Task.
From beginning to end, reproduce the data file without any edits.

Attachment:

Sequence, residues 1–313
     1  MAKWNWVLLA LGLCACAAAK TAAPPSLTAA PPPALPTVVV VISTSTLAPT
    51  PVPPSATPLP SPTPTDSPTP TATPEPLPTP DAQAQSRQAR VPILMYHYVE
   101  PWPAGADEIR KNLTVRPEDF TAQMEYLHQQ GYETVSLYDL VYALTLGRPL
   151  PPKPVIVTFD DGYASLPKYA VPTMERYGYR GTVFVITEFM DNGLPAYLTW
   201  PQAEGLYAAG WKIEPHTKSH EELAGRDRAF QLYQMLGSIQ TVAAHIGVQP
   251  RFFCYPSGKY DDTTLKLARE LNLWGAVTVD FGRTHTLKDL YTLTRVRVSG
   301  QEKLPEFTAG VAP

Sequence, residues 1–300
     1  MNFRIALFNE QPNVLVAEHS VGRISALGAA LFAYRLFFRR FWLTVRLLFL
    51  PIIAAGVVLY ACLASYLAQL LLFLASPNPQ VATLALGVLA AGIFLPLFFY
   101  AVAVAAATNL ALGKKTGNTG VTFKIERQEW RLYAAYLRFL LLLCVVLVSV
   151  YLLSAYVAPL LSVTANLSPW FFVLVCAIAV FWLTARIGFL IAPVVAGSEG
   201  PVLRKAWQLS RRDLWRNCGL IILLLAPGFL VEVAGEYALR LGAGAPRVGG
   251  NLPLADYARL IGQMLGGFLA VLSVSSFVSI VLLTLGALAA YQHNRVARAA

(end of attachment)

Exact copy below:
Sequence, residues 1–313
     1  MAKWNWVLLA LGLCACAAAK TAAPPSLTAA PPPALPTVVV VISTSTLAPT
    51  PVPPSATPLP SPTPTDSPTP TATPEPLPTP DAQAQSRQAR VPILMYHYVE
   101  PWPAGADEIR KNLTVRPEDF TAQMEYLHQQ GYETVSLYDL VYALTLGRPL
   151  PPKPVIVTFD DGYASLPKYA VPTMERYGYR GTVFVITEFM DNGLPAYLTW
   201  PQAEGLYAAG WKIEPHTKSH EELAGRDRAF QLYQMLGSIQ TVAAHIGVQP
   251  RFFCYPSGKY DDTTLKLARE LNLWGAVTVD FGRTHTLKDL YTLTRVRVSG
   301  QEKLPEFTAG VAP

Sequence, residues 1–300
     1  MNFRIALFNE QPNVLVAEHS VGRISALGAA LFAYRLFFRR FWLTVRLLFL
    51  PIIAAGVVLY ACLASYLAQL LLFLASPNPQ VATLALGVLA AGIFLPLFFY
   101  AVAVAAATNL ALGKKTGNTG VTFKIERQEW RLYAAYLRFL LLLCVVLVSV
   151  YLLSAYVAPL LSVTANLSPW FFVLVCAIAV FWLTARIGFL IAPVVAGSEG
   201  PVLRKAWQLS RRDLWRNCGL IILLLAPGFL VEVAGEYALR LGAGAPRVGG
   251  NLPLADYARL IGQMLGGFLA VLSVSSFVSI VLLTLGALAA YQHNRVARAA